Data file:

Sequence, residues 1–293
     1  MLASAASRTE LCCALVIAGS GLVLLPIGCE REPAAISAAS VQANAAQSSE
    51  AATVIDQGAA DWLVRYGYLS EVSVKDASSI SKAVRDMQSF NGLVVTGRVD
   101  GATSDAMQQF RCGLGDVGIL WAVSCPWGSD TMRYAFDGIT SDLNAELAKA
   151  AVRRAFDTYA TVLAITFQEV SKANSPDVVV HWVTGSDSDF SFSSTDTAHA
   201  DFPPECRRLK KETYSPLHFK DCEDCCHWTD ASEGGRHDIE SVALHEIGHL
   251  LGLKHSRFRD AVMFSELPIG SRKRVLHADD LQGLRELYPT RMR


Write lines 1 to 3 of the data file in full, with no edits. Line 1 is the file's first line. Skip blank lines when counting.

Sequence, residues 1–293
     1  MLASAASRTE LCCALVIAGS GLVLLPIGCE REPAAISAAS VQANAAQSSE
    51  AATVIDQGAA DWLVRYGYLS EVSVKDASSI SKAVRDMQSF NGLVVTGRVD